“To be clear, the chamber does not support smoking and wants people to quit,” the statement said. “At the same time, we support protecting the intellectual property and trademarks of all legal products in all industries and oppose singling out certain industries for discriminatory treatment.”

The chamber has not said why it has opposed public health steps like restricting smoking in public places, which it called an “extreme” measure when it was proposed in Moldova.

The decision by CVS was the latest criticism to hit the chamber over its tobacco lobbying.

Last week, seven Senate Democrats, including Richard Blumenthal, Al Franken and Elizabeth Warren, called the chamber’s tobacco lobbying “craven and unconscionable,” adding that “member companies should be concerned that their good name is sullied in efforts to strike down public health protections worldwide.”

Richard Branson, the billionaire British entrepreneur, said on Twitter that the chamber was on “the wrong side of history.” And on Tuesday, the head of the W.H.O. weighed in, assailing the chamber over its lobbying practices.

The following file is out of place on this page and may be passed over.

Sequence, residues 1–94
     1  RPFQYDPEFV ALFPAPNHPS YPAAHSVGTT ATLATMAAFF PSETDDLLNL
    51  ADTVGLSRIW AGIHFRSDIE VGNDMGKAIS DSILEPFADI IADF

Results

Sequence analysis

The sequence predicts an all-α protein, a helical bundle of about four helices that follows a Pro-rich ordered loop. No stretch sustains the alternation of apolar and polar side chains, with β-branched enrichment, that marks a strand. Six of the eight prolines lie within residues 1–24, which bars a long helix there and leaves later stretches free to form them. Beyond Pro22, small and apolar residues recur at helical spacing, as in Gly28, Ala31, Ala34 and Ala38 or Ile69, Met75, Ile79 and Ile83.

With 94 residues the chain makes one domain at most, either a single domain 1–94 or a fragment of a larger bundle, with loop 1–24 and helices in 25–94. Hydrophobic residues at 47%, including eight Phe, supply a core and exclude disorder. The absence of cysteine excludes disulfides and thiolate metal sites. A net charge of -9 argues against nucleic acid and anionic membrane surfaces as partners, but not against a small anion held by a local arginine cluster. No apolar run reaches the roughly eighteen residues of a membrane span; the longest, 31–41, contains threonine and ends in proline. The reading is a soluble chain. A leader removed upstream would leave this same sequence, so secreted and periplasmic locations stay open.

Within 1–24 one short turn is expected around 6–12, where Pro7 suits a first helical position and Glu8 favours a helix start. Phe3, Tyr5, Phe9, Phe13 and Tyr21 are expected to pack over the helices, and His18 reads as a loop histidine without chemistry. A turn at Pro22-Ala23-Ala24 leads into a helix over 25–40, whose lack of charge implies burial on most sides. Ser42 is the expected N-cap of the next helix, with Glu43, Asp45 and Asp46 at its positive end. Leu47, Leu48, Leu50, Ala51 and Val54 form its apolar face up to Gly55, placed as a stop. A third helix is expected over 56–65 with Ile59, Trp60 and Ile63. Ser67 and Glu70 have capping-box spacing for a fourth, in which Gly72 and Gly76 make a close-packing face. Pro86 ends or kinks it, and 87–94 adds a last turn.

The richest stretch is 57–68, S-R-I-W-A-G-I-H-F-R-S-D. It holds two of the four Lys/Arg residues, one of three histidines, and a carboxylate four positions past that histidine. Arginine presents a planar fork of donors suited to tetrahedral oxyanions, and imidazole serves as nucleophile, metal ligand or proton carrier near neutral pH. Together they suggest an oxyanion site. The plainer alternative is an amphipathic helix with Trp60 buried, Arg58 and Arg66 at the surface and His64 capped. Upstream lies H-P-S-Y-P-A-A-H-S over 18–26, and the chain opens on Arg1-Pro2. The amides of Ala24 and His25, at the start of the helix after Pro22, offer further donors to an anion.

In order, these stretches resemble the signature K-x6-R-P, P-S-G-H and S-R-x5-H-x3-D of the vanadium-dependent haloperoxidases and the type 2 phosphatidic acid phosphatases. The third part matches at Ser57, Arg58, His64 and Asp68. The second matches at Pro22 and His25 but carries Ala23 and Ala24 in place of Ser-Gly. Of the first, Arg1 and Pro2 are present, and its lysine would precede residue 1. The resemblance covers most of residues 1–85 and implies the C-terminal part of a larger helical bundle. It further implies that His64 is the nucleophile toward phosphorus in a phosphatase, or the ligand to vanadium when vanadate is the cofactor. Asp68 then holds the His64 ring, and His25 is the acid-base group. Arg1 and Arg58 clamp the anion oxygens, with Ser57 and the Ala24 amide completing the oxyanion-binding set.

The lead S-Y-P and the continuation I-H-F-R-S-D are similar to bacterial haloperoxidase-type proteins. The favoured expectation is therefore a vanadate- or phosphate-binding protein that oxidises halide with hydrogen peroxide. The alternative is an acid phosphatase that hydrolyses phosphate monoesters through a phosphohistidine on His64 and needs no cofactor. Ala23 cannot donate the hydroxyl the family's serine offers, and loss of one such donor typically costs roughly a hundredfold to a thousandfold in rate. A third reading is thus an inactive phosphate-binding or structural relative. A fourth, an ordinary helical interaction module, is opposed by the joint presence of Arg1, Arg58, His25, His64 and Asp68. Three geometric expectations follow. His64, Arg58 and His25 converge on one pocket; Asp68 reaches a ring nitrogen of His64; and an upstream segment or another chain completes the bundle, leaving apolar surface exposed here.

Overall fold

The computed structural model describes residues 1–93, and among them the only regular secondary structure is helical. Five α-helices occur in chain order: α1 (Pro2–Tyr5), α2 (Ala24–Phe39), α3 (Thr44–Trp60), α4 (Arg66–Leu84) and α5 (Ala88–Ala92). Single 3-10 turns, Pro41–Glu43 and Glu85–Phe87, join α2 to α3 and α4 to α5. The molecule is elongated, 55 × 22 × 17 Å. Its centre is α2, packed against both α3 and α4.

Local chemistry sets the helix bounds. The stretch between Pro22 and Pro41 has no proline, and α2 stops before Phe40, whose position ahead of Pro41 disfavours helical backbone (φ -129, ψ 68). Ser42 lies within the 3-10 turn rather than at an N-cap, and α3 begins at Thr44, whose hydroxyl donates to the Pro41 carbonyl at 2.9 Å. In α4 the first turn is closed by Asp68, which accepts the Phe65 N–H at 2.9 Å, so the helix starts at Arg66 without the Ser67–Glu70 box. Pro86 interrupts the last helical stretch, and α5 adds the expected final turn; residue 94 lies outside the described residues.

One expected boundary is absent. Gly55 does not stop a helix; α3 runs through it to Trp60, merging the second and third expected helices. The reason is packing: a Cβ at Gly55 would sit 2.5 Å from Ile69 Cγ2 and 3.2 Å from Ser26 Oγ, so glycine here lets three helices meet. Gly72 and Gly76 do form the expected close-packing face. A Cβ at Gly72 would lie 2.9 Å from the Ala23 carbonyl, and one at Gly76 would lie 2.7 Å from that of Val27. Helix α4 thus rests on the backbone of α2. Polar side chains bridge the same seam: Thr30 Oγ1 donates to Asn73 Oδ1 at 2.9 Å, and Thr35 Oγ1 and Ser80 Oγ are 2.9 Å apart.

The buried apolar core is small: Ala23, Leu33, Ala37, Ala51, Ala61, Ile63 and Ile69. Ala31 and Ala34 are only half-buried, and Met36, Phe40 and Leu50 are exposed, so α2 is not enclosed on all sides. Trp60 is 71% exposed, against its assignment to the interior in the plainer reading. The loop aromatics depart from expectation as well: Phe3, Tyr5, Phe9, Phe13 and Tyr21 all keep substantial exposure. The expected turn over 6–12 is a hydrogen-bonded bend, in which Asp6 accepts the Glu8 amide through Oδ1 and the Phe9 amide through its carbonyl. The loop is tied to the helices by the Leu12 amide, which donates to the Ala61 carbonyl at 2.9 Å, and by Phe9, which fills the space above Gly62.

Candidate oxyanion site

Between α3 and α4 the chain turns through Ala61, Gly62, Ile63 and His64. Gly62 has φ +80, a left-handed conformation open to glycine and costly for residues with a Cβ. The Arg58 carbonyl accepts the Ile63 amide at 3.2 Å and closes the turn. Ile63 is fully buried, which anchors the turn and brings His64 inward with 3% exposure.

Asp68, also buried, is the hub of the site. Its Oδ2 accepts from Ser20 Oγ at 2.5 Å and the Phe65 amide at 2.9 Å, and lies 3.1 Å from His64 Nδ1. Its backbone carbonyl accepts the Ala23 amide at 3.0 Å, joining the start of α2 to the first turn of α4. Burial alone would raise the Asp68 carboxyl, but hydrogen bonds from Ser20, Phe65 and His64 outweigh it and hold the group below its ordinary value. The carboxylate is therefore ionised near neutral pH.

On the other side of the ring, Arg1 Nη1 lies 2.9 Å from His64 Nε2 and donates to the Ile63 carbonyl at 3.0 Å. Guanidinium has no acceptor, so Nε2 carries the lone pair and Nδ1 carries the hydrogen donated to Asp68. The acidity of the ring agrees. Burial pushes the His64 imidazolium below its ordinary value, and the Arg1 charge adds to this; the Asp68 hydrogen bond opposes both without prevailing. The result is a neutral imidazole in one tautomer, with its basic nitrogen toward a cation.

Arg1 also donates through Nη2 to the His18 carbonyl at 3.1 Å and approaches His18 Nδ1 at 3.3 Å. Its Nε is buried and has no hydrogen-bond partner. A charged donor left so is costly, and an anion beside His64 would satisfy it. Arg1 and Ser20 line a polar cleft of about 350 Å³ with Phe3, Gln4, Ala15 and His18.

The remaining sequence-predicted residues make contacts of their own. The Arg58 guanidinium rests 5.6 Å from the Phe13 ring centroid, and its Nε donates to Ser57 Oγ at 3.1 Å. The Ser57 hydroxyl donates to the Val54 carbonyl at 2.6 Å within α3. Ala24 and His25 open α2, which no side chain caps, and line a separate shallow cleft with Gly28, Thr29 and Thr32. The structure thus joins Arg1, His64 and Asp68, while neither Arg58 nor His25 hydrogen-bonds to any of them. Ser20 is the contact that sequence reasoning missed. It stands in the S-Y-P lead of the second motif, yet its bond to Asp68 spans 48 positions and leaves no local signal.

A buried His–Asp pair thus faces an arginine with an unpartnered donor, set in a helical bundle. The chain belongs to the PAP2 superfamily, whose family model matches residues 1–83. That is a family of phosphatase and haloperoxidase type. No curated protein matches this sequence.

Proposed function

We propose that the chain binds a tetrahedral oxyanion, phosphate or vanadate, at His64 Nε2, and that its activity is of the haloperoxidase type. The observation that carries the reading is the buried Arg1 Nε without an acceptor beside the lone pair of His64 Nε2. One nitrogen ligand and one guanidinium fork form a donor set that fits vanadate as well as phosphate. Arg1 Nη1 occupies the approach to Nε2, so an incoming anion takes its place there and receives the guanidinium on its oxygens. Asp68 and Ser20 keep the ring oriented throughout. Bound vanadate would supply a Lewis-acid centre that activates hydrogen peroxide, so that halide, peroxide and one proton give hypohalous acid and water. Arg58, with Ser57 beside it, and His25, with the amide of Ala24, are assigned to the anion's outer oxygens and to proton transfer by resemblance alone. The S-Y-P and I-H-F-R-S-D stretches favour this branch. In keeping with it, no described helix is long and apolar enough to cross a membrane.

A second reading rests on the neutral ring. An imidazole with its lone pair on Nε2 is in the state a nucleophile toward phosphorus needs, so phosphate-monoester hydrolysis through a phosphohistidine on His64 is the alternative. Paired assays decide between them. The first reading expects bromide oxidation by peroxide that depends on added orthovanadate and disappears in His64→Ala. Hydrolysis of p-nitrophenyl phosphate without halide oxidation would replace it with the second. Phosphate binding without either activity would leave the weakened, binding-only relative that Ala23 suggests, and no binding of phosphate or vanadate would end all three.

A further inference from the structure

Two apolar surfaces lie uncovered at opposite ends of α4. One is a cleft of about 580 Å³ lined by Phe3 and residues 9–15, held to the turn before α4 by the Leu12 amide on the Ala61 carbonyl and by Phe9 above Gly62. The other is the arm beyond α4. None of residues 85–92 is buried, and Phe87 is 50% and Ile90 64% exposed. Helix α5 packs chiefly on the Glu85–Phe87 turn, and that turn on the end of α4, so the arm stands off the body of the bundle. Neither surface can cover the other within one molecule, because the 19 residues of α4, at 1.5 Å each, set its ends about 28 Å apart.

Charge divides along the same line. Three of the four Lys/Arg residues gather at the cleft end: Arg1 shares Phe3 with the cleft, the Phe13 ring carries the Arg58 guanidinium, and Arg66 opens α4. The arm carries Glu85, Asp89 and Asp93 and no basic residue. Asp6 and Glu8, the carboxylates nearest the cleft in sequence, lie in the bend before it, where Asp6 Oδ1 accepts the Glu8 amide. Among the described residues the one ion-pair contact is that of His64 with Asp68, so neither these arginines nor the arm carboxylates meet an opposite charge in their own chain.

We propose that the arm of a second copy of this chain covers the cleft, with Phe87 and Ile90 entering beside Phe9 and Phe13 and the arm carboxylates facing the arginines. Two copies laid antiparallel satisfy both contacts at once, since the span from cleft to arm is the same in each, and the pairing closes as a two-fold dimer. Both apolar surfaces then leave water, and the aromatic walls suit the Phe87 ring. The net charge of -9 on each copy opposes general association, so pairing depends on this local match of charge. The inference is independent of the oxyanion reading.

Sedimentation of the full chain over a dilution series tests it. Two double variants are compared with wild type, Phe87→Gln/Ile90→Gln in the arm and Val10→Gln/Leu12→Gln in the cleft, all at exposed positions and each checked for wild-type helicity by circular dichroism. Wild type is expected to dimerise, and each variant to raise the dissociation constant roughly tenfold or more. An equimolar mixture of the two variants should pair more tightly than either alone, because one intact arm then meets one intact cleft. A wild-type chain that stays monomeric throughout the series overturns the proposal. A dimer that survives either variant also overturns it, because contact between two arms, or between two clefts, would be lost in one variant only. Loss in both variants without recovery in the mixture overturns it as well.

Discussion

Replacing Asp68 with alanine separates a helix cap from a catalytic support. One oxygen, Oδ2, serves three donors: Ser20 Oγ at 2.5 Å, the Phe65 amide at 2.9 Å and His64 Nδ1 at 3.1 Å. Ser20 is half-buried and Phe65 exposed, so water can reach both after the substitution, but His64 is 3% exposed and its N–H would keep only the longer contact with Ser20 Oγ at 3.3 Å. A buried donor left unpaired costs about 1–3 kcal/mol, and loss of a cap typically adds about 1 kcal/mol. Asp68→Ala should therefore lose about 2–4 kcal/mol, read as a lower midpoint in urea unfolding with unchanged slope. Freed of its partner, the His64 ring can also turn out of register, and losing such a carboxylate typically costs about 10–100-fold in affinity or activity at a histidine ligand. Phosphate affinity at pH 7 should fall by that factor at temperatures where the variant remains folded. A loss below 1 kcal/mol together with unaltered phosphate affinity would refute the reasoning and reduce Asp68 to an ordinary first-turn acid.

“By lobbying against well-established, widely accepted and evidence-based tobacco control public health policies, the U.S. Chamber of Commerce undermines its own credibility on other issues,” Dr. Margaret Chan, the director general of the W.H.O., said in a statement on Tuesday. “So long as tobacco companies continue to be influential members of the chamber, legitimate businesses will be tarred with the same brush.”

For CVS, which has 7,800 locations nationwide, the move is the latest step in rebranding itself as a health care destination, rather than a convenience store with a pharmacy. The company now operates nearly 1,000 walk-in clinics staffed by nurse practitioners.

Its executives have said that selling cigarettes is not consistent with its new strategy. The company has begun offering smoke cessation programs and recently helped conduct a smoke cessation study involving its employees and their relatives and friends.